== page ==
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CASTELL RHYFEL

Site Details

© Copyright and database right 2019. All rights reserved. Ordnance Survey licence number 0100022206

NPRN 303624

Map Reference SN75NW

Grid Reference SN73205987

Unitary (Local) Authority Ceredigion

Old County Cardiganshire

Community Tregaron

Type of Site HILLFORT

Broad Class DEFENCE

Period Iron Age

Site Description Castell Rhyfel is a hilltop enclosure crowning a rounded summit of a ridge, set in an exceptionally exposed, marginal position in hills commanding the headwaters of the Groes Fawr valley to the south. Its summit reaches the 500m contour and there are extensive views on all sides except across the higher summits immediately to the north.

The enclosure is roughly pear-shaped, with overall measurements of 133.0m west-southwest to east-southeast by 110m transversely (dimensions from NAR). The defences, such as they are, comprise a low earth and stone bank up to 4.0m in width, and varying between 0.5m and 1m in height externally. The most coherent sections of the defence are found on the south-east side. The rampart has been formed by quarrying of material from behind, with the earth and stone dumped forward often on the edge of the slope. This process has left a series of irregular, intermittent and often shallow quarry scoops just inside the perimeter. Some of these are very damp and partly water-filled in the southern half of the enclosure. At the eastern angle of the enclosure is an additional external outwork defending a ridge beyond the main rampart. This shows up particularly well under light snow on RCAHMW aerial photographs taken on 4th February 2015.

The original entrance on the south-southeast tip suggested by the OS survey in 1978 is not tenable, and the rampart appears continuous at this point. Rather, the most likely original gateway appears to be at the eastern tip where there is a clear break in the defences with the low rampart ending in terminals, the southern terminal slightly inturned showing some defensive or stylistic consideration. This may be the same entrance as noted by the Cadw warden (Rees) in 1985 `on the NE, where there is a slight break, and a track passing obliquely up the mountain side.'. This entrance is certainly at one of the few comfortable approaches to the fort which is otherwise bordered by precipitous slopes, except where the ridge continues across a slight saddle of lower ground on the north side.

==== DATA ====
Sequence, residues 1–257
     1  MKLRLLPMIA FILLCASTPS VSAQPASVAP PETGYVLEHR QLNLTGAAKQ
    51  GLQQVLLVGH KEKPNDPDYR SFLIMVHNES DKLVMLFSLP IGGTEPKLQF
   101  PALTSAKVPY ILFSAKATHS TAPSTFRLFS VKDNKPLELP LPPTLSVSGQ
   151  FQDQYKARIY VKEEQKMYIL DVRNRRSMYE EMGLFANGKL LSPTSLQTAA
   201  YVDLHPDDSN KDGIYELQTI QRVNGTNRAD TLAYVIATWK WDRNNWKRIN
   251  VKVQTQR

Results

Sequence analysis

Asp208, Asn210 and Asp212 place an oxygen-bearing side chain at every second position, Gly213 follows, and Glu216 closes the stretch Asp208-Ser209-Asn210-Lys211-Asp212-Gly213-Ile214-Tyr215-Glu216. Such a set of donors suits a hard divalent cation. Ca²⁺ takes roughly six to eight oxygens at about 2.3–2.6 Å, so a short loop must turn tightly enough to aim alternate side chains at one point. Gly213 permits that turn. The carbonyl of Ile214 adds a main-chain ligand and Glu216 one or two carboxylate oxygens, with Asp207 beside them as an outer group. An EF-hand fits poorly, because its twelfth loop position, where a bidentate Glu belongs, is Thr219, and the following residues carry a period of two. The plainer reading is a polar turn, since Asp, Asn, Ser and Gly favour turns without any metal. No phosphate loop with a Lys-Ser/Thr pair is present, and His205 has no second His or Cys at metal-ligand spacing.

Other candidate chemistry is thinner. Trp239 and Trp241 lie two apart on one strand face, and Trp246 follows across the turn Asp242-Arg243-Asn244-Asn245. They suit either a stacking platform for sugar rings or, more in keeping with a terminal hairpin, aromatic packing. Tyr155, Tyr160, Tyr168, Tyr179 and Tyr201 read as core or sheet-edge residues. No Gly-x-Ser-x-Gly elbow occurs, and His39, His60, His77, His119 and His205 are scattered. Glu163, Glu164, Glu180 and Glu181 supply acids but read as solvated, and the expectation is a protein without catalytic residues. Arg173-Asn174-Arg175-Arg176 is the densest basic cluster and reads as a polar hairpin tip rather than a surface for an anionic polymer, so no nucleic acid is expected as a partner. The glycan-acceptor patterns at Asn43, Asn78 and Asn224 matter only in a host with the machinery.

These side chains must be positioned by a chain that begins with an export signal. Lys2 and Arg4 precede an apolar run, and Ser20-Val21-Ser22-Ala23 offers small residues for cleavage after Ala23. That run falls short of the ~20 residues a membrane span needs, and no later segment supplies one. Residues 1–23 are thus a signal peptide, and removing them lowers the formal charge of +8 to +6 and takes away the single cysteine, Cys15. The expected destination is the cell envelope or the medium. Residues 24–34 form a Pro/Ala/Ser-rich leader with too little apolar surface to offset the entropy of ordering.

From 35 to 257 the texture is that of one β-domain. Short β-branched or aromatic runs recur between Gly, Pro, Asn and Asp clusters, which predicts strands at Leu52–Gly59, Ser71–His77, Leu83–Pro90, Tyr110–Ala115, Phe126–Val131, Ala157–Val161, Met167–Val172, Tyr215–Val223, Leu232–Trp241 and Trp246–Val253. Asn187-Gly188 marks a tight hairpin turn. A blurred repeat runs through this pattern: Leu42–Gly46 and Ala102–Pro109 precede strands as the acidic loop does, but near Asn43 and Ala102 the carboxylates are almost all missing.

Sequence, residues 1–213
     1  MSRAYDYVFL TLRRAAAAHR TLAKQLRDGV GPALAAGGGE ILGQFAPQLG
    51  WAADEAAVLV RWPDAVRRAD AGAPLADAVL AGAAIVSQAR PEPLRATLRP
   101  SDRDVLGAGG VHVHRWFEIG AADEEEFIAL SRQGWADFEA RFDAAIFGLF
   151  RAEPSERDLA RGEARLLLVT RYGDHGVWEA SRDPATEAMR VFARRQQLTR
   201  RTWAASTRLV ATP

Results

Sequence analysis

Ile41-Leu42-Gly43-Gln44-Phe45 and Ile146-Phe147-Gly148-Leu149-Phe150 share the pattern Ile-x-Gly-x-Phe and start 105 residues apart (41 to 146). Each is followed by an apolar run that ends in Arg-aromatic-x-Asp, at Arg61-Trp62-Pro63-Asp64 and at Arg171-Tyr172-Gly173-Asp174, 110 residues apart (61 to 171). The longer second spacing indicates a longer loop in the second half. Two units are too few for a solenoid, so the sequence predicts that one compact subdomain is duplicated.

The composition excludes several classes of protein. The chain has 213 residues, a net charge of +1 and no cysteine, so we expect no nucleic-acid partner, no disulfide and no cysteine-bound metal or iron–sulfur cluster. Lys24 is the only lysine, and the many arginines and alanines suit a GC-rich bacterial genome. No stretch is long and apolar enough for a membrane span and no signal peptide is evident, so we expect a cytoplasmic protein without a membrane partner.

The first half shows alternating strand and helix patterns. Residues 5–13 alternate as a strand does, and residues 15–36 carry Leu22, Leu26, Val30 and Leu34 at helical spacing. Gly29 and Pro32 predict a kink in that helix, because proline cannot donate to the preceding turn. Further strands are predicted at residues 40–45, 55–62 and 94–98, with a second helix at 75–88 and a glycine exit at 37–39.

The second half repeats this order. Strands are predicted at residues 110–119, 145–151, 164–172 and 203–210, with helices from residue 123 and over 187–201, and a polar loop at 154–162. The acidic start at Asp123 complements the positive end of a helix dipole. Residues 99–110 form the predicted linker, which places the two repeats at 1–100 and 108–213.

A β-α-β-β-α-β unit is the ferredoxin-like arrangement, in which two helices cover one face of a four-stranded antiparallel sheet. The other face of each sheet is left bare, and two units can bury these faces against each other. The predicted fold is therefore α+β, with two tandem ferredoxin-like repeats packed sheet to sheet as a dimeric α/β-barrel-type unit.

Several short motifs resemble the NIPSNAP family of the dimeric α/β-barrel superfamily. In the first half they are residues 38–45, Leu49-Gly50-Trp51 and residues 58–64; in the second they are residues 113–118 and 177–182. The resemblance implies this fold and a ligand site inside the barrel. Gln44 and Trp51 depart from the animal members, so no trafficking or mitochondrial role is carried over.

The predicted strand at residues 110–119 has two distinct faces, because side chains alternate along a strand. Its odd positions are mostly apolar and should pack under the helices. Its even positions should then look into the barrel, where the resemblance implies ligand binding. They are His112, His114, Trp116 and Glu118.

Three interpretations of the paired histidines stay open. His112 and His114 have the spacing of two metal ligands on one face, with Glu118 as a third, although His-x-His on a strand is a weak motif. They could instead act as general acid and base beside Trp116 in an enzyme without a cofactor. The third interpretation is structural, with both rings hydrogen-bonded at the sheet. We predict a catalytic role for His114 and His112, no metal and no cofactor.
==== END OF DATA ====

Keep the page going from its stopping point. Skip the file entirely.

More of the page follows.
The form of the rampart is irregular and of such coarse work that one could propose that this fort was unfinished. That said, the `rampart' was probably only ever intended as a low footing for a palisade and severe weathering on this worn summit may have led to erosion and slumping of the low dumped rampart over the millennia. One very interesting feature is the natural chevaux-de-frise on the south-east side, first noted by the Cadw warden (Burnham) in 1988. Indeed, it is surprising that this feature was not remarked upon before. Several ribs of shale outcrop in distinctive lines in a broadly north-west/south-east direction beneath the summit, and become exposed to the south of the main gateway. Here, on the steep slopes the outcrops are visible as clearly-demarcated lines of upright pointed slates, seeming to form rows of artificially set slabs. It could be conjectured that part of the reason for selecting this exceptionally barren summit of all those in the immediate vicinity was for the occurrence of this special feature.

The interior is featureless, and no artificial features of note can be identified. A boggy area is present in the centre, between two spurs of higher ground west of the summit, which produces two marked lines of run-off to the south (particularly visible on aerial photographs). This may have provided a water-source, or may even have had a ritual focus, but there is no sign of artificial work around it. Given the very exposed nature of the domed interior, the most likely position for any huts would be within the quarry scoops set behind the defences as noted by previous visitors to the fort.

This remote site on a high, domed summit with little monumentality to the ramparts shares similarities to Lluest y Trafle fort (NPRN 419101) to the north near Bontgoch, and both may be interpreted as Late Bronze Age settlements or ceremonial focii.


Visit date: 18th July 2002
Updated T. Driver, RCAHMW, 2016

References.

Driver, T. (2005) The Hillforts of North Ceredigion: Architecture, Landscape Setting and Cultural Contexts, PhD thesis, The University of Wales, Lampeter, unpublished.

Driver, T. 2013. Architecture, Regional Identity and Power in the Iron Age Landscapes of Mid Wales: The Hillforts of North Ceredigion. BAR British Series 583, Archaeopress: Oxford.

Driver, T. 2016. The Hillforts of Cardigan Bay, Logaston Press.

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